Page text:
How LED Projectors Work
As previously stated, LED projectors are defined not by the display technology used, but the lighting. In fact, some DLP projectors with "solid-state illumination" technology are actually LED projectors. Another type of projector, the pico projector, commonly uses LED technology as well. Pico projectors are essentially handheld devices that use LCoS (liquid crystal on silicon, which is similar to an LCD panel but reflective rather than transmissive) or DLP technology. In these cases, the projector replaces the traditional lamp with longer-lasting and more efficient LEDs, colored in red, green, and blue. In DLP projectors, this also replaces the color wheel technology, instead letting the red, blue, and green LEDs shine directly on the DMD chip.
The Advantages and Disadvantages to LED Projectors
The LEDs in an LED projector have a much longer life than traditional projector lamps, rated at 10,000 or even 20,000 hours as opposed to 1,000 hours to 5,000 hours. As such, the LED light source is meant to last the entire life of the projector without ever needing to be replaced. This is a big advantage because replacing traditional lamps can be a major expense in projector maintenance. There is no warm-up or cool-down time needed because the LEDs are much more energy efficient than traditional light sources, and they are also much quieter. This reduces maintenance and operating costs.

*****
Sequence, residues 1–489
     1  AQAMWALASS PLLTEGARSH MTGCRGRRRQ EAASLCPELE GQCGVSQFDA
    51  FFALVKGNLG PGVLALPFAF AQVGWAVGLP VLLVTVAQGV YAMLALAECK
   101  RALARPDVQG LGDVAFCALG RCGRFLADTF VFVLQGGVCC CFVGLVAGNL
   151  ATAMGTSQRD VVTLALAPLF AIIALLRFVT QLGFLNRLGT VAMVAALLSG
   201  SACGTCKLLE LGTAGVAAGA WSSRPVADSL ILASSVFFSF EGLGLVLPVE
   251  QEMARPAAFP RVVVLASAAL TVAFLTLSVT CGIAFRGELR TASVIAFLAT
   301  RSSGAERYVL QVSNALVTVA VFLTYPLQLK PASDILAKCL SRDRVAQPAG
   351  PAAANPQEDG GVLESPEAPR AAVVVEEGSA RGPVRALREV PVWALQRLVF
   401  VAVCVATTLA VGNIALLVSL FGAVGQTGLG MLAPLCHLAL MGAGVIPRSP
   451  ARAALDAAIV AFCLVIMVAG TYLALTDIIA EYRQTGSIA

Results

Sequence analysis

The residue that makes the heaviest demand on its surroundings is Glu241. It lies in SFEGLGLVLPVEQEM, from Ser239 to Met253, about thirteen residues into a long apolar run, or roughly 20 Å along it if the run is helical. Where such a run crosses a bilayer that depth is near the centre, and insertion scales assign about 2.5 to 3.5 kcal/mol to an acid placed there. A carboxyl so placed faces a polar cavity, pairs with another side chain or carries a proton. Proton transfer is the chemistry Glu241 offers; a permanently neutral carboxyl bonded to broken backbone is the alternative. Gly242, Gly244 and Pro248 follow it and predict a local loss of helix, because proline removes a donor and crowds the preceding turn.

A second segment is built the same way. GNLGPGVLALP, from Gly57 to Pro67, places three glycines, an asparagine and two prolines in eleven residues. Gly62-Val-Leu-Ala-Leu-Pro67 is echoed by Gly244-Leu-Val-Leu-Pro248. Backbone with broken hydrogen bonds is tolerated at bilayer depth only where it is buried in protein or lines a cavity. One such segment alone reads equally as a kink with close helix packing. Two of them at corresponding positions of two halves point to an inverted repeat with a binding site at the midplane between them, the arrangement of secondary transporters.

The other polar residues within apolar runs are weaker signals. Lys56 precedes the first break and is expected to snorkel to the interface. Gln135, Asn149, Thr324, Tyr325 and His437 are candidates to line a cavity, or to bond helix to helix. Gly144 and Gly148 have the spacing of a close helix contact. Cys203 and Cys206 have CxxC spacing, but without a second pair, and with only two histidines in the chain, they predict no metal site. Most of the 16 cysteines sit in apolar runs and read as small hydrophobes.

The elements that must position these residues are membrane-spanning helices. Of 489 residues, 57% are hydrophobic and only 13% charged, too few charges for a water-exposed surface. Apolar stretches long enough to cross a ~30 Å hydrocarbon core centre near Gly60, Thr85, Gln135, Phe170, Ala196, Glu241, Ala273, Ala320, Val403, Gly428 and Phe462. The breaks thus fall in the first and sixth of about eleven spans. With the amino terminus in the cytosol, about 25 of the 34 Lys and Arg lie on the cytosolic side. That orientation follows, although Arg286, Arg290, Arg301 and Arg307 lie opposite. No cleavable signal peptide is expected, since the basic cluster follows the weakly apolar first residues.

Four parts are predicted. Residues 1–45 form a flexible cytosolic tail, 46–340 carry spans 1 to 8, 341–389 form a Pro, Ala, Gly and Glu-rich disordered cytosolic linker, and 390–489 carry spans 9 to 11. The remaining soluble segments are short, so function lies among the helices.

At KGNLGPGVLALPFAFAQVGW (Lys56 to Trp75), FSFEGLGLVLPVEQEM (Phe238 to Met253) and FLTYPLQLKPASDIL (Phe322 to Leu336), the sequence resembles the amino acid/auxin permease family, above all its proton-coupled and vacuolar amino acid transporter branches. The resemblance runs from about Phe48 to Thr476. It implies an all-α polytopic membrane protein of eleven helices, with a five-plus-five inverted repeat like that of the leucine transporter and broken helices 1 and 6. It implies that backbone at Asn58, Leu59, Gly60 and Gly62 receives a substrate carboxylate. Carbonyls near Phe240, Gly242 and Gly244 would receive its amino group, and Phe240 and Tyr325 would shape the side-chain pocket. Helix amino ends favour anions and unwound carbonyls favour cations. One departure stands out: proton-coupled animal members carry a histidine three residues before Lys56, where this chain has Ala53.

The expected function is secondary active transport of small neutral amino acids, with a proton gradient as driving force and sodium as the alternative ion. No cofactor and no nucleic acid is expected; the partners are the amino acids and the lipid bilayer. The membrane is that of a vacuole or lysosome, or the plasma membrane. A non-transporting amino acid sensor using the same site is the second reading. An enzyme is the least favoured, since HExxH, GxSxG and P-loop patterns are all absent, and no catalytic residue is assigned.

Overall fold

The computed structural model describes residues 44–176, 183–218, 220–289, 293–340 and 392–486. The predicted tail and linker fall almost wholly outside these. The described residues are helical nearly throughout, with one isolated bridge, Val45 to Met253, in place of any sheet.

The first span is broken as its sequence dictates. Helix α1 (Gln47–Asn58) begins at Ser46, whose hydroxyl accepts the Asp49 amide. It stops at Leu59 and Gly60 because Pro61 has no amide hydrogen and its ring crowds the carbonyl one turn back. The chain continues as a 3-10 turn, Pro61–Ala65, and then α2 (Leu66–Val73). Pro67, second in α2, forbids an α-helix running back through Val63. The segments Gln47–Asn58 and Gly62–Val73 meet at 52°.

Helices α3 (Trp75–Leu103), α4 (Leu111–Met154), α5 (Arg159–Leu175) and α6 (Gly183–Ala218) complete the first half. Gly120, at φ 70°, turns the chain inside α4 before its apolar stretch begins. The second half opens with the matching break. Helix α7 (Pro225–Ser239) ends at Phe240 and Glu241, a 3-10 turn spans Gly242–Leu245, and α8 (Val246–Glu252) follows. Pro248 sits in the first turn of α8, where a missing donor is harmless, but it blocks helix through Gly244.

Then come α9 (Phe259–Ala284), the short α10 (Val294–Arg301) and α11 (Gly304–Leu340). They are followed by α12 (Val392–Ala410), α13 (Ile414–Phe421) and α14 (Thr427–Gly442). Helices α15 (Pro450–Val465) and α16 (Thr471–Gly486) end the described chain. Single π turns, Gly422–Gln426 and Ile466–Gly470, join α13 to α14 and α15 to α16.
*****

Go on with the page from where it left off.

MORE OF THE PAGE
Factors to Consider when Buying LED, LCD, and DLP Projectors
When buying a projector, consumers should weigh the advantages of each type of device. The differences between the projectors can be summarized in the following chart:
LED or standard lamp
Transmissive or reflective
Beyond the technology used, however, there are other significant differences. LCD projectors are typically less expensive for smaller venues, such as home theaters. They also give the user the advantage of a longer throw distance and greater zoom capability, both of which are lacking in many DLP projectors. This makes LCD projectors ideal for larger environments. However, DLP projectors do not suffer the color decay that LCD projectors do and they are easier to maintain because of their filter-free design.